Statistics and Its Interface

Volume 9 (2016)

Number 4

Special Issue on Statistical and Computational Theory and Methodology for Big Data

Guest Editors: Ming-Hui Chen (University of Connecticut); Radu V. Craiu (University of Toronto); Faming Liang (University of Florida); and Chuanhai Liu (Purdue University)

Preprocessing solar images while preserving their latent structure

Pages: 535 – 551



Nathan M. Stein (Department of Statistics, The Wharton School, University of Pennsylvania, Philadelpha, Penn., U.S.A.)

David A. van Dyk (Statistics Section, Mathematics Department, Imperial College London, United Kingdom)

Vinay L. Kashyap (High Energy Astrophysics Division, Harvard–Smithsonian Center for Astrophysics, Cambridge, Massachusetts, U.S.A.)


Telescopes such as the Atmospheric Imaging Assembly aboard the Solar Dynamics Observatory, a NASA satellite, collect massive streams of high resolution images of the Sun through multiple wavelength filters. Reconstructing pixel-by-pixel thermal properties based on these images can be framed as an ill-posed inverse problem with Poisson noise, but this reconstruction is computationally expensive and there is disagreement among researchers about what regularization or prior assumptions are most appropriate. This article presents an image segmentation framework for preprocessing such images in order to reduce the data volume while preserving as much thermal information as possible for later downstream analyses. The resulting segmented images reflect thermal properties but do not depend on solving the ill-posed inverse problem. This allows users to avoid the Poisson inverse problem altogether or to tackle it on each of $\sim 10$ segments rather than on each of $\sim 10^7$ pixels, reducing computing time by a factor of $\sim 10^6$. We employ a parametric class of dissimilarities that can be expressed as cosine dissimilarity functions or Hellinger distances between nonlinearly transformed vectors of multi-passband observations in each pixel. We develop a decision theoretic framework for choosing the dissimilarity that minimizes the expected loss that arises when estimating identifiable thermal properties based on segmented images rather than on a pixel-by-pixel basis. We also examine the efficacy of different dissimilarities for recovering clusters in the underlying thermal properties. The expected losses are computed under scientifically motivated prior distributions. Two simulation studies guide our choices of dissimilarity function. We illustrate our method by segmenting images of a coronal hole observed on 26 February 2015.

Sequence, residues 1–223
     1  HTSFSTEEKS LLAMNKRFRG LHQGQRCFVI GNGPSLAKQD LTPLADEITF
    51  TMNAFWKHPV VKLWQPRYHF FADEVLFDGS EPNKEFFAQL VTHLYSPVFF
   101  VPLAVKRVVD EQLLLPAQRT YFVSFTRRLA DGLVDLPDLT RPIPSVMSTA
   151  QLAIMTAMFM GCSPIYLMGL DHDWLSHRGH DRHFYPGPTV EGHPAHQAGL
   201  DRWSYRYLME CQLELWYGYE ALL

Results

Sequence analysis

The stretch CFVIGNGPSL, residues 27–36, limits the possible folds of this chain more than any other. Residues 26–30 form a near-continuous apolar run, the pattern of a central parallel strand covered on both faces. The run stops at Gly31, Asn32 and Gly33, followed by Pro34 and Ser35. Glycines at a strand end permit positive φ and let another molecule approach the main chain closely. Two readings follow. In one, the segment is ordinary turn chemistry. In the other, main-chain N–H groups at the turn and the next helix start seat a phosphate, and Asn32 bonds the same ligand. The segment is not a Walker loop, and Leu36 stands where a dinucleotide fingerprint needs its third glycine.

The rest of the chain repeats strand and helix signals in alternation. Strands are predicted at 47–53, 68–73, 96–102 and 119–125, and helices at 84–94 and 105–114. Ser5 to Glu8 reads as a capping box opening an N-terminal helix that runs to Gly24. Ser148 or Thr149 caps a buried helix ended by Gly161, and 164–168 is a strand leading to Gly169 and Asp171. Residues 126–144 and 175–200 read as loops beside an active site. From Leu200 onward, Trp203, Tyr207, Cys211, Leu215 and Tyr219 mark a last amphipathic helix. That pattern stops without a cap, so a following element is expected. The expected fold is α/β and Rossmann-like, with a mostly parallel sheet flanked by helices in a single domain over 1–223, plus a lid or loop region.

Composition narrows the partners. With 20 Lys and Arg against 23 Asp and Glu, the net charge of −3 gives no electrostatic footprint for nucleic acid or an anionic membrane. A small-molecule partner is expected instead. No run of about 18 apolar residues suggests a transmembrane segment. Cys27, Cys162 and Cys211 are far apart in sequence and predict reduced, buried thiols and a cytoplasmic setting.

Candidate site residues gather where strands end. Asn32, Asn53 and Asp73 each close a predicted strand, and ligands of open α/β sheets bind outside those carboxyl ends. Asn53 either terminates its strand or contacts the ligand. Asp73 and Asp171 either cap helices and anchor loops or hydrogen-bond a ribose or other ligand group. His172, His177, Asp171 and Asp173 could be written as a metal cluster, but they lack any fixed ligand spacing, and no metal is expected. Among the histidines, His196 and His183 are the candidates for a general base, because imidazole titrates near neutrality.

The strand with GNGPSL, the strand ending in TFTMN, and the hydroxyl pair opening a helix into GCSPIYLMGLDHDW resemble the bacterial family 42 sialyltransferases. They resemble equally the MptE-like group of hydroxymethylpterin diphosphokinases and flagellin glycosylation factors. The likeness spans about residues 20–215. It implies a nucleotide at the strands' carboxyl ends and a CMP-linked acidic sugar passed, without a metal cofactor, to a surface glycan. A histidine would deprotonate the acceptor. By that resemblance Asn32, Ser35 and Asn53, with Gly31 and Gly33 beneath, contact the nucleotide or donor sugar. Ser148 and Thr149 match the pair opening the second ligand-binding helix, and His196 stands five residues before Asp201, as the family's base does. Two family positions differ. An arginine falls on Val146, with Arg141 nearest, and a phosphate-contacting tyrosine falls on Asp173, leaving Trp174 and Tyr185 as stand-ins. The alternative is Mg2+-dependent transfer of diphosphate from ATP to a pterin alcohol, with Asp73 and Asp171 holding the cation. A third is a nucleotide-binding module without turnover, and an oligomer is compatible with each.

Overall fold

clustering, decision theory, dissimilarity measure, Hellinger distance, image segmentation, latent structure, solar physics, space weather

Published 14 September 2016